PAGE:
In 2006, the media conglomerate News Corporation, referred to as Old News Corp, entered into a Settlement Agreement to settle stockholder litigation filed in Delaware in 2005. Subject to certain exceptions, the Settlement Agreement prevents Old News Corp during a period of twenty years from maintaining a stockholder rights plan for longer than one year without obtaining stockholder approval.
In 2013, Old News Corp transferred its newspaper and publishing business into a wholly-owned subsidiary, referred to as New News Corp, and then spun off New News Corp to its stockholders pursuant to the terms of a Separation and Distribution Agreement. After the spin-off, Old News Corp was renamed Twenty-First Century Fox, Inc., which is now a broadcast and media company.
In June 2013, the board of New News Corp adopted a one-year rights plan. In June 2014, the board extended that plan for an additional year without obtaining stockholder approval. In an action commenced in Delaware, a stockholder of New News Corp alleges that New News Corp, which was formed years after the Settlement Agreement was signed and is not a party to the Settlement Agreement, is nonetheless bound by that agreement as a transferee or assignee of Old News Corp and, thus, that the 2014 extension of New News Corp’s rights plan was not permissible under the Settlement Agreement.
The court found paragraph 36 of the Settlement Agreement, which is governed by Delaware law, defines the universe of persons to be bound by the terms of the Settlement Agreement:
This Settlement shall be binding upon and shall inure to the benefit of the parties (and, in the case of the benefits, all Released Persons) and the respective legal representatives, heirs, executors, administrators, transferees, successors and assigns of all of such foregoing persons and upon any corporation, partnership, or other entity into or with which any party or person may merge or consolidate.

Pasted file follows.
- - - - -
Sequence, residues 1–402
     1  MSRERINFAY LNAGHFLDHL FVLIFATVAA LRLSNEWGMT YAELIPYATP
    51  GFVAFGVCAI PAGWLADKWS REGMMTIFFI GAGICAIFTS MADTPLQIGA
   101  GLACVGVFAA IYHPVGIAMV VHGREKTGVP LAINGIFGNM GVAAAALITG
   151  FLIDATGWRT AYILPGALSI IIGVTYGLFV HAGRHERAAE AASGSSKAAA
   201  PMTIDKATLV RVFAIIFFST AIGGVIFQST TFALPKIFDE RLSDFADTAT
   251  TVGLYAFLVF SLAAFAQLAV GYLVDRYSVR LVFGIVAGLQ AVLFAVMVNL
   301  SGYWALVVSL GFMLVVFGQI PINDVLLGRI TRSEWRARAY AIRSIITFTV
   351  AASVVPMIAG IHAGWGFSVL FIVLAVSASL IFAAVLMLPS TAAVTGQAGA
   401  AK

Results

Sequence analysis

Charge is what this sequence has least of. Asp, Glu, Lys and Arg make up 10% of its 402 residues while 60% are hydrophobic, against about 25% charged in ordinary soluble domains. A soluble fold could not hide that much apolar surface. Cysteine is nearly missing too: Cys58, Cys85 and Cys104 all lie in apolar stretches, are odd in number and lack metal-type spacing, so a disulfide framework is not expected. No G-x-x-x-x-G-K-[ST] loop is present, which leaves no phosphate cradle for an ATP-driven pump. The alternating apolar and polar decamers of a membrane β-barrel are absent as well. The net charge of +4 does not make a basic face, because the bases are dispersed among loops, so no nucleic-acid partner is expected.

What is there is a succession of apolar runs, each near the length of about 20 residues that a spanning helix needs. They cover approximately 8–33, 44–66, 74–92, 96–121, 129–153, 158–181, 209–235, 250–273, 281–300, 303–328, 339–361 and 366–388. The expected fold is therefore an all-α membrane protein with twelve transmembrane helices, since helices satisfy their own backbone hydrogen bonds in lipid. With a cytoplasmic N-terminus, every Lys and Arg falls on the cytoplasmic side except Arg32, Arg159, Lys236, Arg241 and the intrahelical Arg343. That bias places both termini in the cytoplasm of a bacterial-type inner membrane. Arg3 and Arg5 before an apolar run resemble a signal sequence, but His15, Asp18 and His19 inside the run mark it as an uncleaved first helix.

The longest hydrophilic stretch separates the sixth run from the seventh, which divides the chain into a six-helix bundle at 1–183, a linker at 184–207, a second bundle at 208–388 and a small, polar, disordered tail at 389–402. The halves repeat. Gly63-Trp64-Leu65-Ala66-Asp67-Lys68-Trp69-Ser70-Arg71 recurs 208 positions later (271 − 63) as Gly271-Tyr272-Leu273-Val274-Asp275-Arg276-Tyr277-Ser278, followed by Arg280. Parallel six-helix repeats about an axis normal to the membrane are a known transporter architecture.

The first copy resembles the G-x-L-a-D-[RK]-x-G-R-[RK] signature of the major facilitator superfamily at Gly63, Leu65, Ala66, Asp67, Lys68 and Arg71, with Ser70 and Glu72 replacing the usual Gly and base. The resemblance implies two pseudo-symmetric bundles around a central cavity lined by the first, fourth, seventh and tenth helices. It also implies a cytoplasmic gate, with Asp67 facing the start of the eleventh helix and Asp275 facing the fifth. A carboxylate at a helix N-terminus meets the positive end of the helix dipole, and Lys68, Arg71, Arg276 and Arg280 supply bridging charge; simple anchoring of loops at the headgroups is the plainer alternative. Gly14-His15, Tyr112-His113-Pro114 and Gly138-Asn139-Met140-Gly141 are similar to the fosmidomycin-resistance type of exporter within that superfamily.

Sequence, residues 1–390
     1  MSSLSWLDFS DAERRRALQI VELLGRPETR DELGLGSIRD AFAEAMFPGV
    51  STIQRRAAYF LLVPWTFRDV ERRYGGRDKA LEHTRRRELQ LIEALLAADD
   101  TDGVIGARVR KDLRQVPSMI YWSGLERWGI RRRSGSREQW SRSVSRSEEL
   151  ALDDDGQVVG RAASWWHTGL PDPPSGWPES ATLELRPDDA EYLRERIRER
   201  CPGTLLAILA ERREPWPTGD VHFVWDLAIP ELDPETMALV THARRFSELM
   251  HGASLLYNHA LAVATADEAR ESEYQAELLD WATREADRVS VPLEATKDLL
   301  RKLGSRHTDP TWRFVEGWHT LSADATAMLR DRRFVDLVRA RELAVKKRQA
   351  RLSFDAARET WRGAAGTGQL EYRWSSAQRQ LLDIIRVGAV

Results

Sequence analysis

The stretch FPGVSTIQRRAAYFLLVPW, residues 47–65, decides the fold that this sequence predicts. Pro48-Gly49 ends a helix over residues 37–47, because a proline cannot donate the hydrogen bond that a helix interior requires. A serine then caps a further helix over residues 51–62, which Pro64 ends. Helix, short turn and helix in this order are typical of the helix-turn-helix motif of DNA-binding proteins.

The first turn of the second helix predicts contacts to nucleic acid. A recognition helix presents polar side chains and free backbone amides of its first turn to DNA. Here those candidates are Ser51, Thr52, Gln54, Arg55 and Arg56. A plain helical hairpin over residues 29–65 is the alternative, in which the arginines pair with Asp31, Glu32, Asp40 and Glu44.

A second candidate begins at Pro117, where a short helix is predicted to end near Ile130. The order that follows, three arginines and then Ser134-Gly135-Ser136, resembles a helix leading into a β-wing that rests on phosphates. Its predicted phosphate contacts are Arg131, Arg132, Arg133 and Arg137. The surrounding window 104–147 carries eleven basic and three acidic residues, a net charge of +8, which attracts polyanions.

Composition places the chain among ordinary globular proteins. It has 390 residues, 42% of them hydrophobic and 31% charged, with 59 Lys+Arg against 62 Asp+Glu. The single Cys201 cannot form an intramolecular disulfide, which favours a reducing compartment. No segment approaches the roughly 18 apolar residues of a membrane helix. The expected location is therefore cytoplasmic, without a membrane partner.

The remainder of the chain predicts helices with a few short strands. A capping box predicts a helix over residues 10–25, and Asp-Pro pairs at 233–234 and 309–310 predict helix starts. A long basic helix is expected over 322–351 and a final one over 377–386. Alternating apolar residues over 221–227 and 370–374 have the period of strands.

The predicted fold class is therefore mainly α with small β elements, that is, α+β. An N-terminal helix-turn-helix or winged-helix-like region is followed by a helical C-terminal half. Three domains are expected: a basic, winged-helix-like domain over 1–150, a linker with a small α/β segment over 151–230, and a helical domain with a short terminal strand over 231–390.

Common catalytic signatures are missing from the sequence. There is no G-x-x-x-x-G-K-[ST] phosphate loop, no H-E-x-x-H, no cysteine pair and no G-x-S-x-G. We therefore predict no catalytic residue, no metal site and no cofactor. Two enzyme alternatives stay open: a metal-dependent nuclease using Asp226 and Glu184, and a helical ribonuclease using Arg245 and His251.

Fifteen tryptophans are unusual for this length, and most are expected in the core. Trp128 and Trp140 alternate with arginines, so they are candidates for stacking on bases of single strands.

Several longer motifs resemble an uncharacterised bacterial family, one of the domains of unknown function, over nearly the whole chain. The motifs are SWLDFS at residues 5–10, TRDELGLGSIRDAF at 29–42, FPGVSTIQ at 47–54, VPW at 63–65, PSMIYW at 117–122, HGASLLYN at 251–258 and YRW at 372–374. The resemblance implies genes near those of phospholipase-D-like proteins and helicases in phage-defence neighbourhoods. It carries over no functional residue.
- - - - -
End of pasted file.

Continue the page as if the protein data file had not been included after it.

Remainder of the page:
The court noted paragraph 36 expressly provides that the Settlement Agreement is to be binding on any entity into which Old News Corp merges or with which it consolidates, demonstrating that the parties knew how to specifically address the effect that certain significant corporate transactions would have on Old News Corp’s obligations under the Settlement Agreement. Paragraph 36 did not specifically reference other obvious forms of significant corporate transactions that may involve Old News Corp, namely asset transfers or spin-offs. Applying the interpretive principle that “the expression of one thing is the exclusion of another,” the court found the plain terms of Paragraph 36 suggest that the parties to the Settlement Agreement, which was negotiated by sophisticated counsel experienced in corporation transactions, did not intend for that contract to be binding on the recipient of assets in an asset transfer and spin-off transaction.